It still makes me sad to see 516 E. Randolph Road boarded up. But we had a good run. We kicked ass when I was editor there. As I’ve said repeatedly, I wish I could do it again knowing what I do now, but I don’t regret a single thing we did there.

And most of the newsroom staff when it closed now works at papers with the same coverage area that operate out of my old Petersburg newsroom. If things went a different way, I would have left that newsroom just to wind up in it again.

Hopewell has changed for the better, too. That made me happier than Petersburg’s upswing because, although our coverage was a little aggressive and probably more critical at times than it should have been, I was rooting for that little industrial city the whole time I was there. And beyond.

On the way back to Charlottesville, we rode through Richmond to view the skyline. It’s no New York, but it’s a close as one can get in Virginia. Renée misses Richmond a bit, but I honestly don’t miss the Tri-Cities or Richmond. And I hate that. I’m sure we’ll wind up in a city again — it’ll be a while because I genuinely like the direction my current job is going — but I’m sure it won’t be Richmond. We’ve grown apart.

I just looked back at some of my previous March 13 entries in the hopes there was something profound worth revisiting. No, unfortunately.

Well, last year was the first time that it felt like Petersburg felt like forever ago. Those memories of the year I was living in an apartment in Walnut Hill and also the memories of zooming up River Road for nearly two years to my house in Hopewell are beginning to fade. I briefly got lost in Chesterfield County while taking back roads to Petersburg I used to take often. I had forgotten about a faster route to City Point from the Hopewell News.

But a few names and events from 2006 to 2008, my make-or-break years as a journalist, still stick out. A lot of them were good ones. I hope they stick around for a while longer.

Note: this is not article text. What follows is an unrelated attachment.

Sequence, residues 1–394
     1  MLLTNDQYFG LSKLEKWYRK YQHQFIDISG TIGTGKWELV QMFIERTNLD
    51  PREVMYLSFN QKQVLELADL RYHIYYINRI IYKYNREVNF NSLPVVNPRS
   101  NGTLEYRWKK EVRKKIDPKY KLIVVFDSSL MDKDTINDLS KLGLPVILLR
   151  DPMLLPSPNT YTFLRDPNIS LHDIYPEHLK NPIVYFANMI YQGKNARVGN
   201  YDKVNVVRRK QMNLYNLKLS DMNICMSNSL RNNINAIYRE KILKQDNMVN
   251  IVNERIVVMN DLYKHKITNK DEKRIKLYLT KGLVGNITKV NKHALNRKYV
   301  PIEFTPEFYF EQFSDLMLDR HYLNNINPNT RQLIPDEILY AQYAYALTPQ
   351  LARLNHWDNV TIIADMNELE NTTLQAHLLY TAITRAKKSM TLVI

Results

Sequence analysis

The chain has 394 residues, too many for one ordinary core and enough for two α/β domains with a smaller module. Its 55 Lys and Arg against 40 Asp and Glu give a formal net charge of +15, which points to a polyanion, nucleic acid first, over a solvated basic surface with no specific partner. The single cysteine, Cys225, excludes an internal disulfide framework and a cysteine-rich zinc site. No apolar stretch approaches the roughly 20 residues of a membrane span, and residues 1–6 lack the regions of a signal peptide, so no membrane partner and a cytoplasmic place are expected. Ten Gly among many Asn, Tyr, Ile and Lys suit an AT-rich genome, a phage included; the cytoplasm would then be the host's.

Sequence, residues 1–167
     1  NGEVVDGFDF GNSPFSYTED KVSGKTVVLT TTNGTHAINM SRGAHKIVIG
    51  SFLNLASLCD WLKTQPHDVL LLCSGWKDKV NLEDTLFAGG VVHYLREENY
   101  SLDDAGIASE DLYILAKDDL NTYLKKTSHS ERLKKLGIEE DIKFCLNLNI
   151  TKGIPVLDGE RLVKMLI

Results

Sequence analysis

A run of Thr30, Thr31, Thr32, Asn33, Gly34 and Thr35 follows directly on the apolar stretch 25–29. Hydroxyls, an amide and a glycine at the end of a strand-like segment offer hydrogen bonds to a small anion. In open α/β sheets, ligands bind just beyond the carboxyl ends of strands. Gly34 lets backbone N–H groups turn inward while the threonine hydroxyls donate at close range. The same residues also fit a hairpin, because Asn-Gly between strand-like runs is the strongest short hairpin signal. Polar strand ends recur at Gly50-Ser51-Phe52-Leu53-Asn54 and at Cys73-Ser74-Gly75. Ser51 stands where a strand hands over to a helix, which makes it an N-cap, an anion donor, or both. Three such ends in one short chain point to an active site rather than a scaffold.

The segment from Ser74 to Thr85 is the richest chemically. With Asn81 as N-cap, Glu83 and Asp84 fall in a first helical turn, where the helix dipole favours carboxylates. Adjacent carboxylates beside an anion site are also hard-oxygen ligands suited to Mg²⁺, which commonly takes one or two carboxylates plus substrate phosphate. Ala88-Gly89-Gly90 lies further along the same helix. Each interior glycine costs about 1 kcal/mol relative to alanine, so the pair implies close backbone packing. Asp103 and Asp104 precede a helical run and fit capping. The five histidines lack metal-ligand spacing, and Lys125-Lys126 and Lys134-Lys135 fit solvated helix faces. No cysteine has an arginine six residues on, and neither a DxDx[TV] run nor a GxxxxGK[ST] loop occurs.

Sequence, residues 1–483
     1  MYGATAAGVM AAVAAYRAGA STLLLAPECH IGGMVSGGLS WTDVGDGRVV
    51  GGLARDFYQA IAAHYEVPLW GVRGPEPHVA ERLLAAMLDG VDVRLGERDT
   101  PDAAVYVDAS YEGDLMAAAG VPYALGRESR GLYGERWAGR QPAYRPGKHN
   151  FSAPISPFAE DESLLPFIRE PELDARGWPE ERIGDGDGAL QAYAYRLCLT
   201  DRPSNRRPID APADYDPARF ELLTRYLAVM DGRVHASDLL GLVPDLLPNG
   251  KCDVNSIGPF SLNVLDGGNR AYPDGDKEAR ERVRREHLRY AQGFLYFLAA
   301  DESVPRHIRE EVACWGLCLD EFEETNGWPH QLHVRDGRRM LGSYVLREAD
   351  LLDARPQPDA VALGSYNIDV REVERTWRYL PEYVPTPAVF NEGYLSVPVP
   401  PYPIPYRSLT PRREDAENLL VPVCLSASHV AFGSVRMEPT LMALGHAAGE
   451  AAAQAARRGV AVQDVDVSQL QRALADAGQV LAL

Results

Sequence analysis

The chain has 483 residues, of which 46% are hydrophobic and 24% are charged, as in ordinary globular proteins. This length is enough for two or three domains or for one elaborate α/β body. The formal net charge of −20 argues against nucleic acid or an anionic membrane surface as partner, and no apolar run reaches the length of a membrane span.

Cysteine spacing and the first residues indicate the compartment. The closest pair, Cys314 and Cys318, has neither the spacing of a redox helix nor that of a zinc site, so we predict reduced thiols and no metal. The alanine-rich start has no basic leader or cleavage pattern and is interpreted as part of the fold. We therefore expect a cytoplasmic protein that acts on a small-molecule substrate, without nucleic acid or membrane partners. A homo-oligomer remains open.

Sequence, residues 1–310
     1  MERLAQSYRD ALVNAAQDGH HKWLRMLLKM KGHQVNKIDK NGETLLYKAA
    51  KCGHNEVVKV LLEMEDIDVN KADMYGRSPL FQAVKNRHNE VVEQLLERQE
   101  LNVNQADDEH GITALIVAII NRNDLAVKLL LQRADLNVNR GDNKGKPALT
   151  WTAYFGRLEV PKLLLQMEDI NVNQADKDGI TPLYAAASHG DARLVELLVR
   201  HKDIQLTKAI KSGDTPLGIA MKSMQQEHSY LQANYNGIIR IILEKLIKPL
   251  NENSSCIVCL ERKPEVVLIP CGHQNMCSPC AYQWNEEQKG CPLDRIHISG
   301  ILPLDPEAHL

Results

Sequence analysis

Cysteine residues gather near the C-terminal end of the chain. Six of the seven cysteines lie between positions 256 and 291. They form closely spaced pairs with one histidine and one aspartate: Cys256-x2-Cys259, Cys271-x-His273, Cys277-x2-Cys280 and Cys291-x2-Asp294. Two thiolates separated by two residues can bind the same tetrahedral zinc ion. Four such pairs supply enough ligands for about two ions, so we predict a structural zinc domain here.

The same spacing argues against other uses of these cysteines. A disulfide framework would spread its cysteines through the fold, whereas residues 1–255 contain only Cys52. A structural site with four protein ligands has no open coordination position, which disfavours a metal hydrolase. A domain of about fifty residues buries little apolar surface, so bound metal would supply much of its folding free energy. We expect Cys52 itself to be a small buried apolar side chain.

Of course they will. They’re people and places that touched me so deeply, I’ll never forget them. I’ll carry the Cockade City and the Wonder City with me wherever I go.

And I’m glad that I’m able to.

homeward bound

People Just Do Nothing secretly is favorite show.

I totally thought I recounted my trip to Maryland two weeks ago. To make a long story short, on Friday I got stuck in traffic, got caught in a small snowstorm and I had a hard time concentrating on doing work in a Starbucks when everything went down in Richmond the second I crossed the Potomac River. The following day, I went to Fairfax, where I hung out with three fraternity brothers. That Sunday, I got from there to Albemarle County in about 1:40, so there’s really no excuse for me not to visit people in NOVA more often or for them to come visit me. (And I know I’m really bad at going to Richmond, but I feel that it’s too close for me to crash overnight but too far for me to run down for a day and come back in the middle of the night.)

Now, on to this past week, which took some unexpected turns toward the end.

In honor of Black History Month, I named her Ida Bunny Wells.

On Wednesday, I pulled into the parking garage and spotted this little creature in a space near where I was going to park. I have a soft spot for stuffed animals — the one I received the day I was born is safely hidden in my mother’s house — so I decided to save it from being squished by a minivan.

I took it with me to work, snapped this photo of it and tweeted out that some kid’s lost bunny was safe and sound in my newsroom.